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Christian Gellert's Last Christmas From "German Tales" Published by the American Publishers' Corporation   By: (1812-1882)

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Christian Gellert's Last Christmas, from "German Tales" published by the American Publishers' Corporation, is a moving and introspective work that leaves a deep impact long after turning the final page. Authored by Berthold Auerbach, a renowned German writer of the 19th century, this novella transports readers into a poignant tale of love, loss, and the power of redemption.

Set in a small German village during the joyous Christmas season, Auerbach adeptly captures the essence of the period, immersing readers in a world filled with holiday cheer and bustling preparations. However, beneath the surface lies the vulnerable and tormented soul of Christian Gellert, our complex protagonist. Gellert, a well-respected schoolmaster, embodies a deep sorrow and guilt which pervades his every action and conversation.

Auerbach has a remarkable talent for character development, enabling readers to truly connect with the inner workings of Gellert's mind and heart. The author masterfully unveils Gellert's past through flashbacks, painting a vivid picture of the turbulent events that shaped his present. Through these glimpses into Gellert's past, readers witness the heart-wrenching tragedies he has endured, adding depth and understanding to his current struggles.

The narrative is enriched by Auerbach's beautiful prose, which effortlessly evokes a sense of longing, melancholy, and hope. The author's words have a poetic quality, allowing readers to effortlessly visualize the wintry landscape and empathize with Gellert's emotional state. Auerbach skillfully employs symbolism and metaphors, subtly weaving them into the narrative to convey deeper layers of meaning and emotional resonance.

As the story unfolds, Gellert's life becomes intertwined with a young girl named Elsa, whose pure and innocent spirit acts as a catalyst for Gellert's transformation. Elsa's unwavering faith and unconditional love provide a glimmer of light in Gellert's otherwise desolate existence, offering him a chance at redemption and healing.

Auerbach's exploration of themes such as forgiveness, redemption, and the power of human connection are bound to strike a chord with readers. The narrative beautifully captures the complexities of the human condition, highlighting the significance of forgiveness and the profound impact a single act of kindness can have on a person's life.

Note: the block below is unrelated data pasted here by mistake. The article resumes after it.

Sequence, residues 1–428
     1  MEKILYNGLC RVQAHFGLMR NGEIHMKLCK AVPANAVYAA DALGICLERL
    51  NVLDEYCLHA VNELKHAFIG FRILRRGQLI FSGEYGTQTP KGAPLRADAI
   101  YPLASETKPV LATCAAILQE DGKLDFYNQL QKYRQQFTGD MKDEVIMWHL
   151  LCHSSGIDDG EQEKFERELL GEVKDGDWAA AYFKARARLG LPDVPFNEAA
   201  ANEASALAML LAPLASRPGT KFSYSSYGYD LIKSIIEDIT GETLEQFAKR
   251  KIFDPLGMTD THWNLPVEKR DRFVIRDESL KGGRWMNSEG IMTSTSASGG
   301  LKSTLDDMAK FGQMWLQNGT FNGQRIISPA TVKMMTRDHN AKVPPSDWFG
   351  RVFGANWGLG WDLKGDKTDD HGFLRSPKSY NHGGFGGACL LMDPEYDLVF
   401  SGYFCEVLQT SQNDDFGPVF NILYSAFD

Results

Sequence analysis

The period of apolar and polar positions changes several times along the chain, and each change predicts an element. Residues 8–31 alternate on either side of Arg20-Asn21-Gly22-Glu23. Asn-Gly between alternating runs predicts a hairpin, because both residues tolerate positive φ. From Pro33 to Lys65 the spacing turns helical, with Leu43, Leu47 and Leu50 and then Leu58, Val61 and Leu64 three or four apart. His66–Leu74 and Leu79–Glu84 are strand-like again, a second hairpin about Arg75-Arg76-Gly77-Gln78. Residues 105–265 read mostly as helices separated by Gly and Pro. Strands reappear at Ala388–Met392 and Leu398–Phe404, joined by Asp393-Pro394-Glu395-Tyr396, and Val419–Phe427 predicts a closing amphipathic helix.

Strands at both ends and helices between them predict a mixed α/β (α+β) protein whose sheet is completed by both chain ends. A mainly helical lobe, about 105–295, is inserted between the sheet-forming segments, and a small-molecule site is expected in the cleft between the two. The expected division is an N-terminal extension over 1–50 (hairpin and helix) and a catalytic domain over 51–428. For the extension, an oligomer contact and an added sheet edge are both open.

Christian Gellert's Last Christmas is a profoundly introspective and spiritually uplifting novella. Auerbach's sensitive portrayal of the human psyche and his exploration of the transformative power of love and forgiveness make this a timeless and universally relatable piece of literature. Although it delves into darker themes, the story ultimately leaves readers with a sense of hope and the belief that even in our darkest moments, redemption is possible. Auerbach's storytelling prowess combined with his profound insights elevate Christian Gellert's Last Christmas to a literary work deserving of recognition and admiration.

First Page:


By Berthold Auerbach

From "German Tales." Published by the American Publishers' Corporation.


Three o'clock had just struck from the tower of St. Nicholas, Leipzig, on the afternoon of December 22d, 1768, when a man, wrapped in a loose overcoat, came out of the door of the University. His countenance was exceedingly gentle, and on his features cheerfulness still lingered, for he had been gazing upon a hundred cheerful faces; after him thronged a troop of students, who, holding back, allowed him to precede them: the passengers in the streets saluted him, and some, students, who pressed forwards and hurried past him homewards, saluted him quite reverentially. He returned their salutations with a surprised and almost deprecatory air, and yet he knew, and could not conceal from himself, that he was one of the best beloved, not only in the good city of Leipzig, but in all lands far and wide.

It was Christian Furchtegott Gellert, the Poet of Fables, Hymns, and Lays, who was just leaving his college.

When we read his "Lectures upon Morals," which were not printed until after his death, we obtain but a very incomplete idea of the great power with which they came immediately from Gellert's mouth. Indeed, it was his voice, and the touching manner in which he delivered his lectures, that made so deep an impression upon his hearers; and Rabener was right when once he wrote to a friend, that "the philanthropic voice" of Gellert belonged to his words... Continue reading book >>

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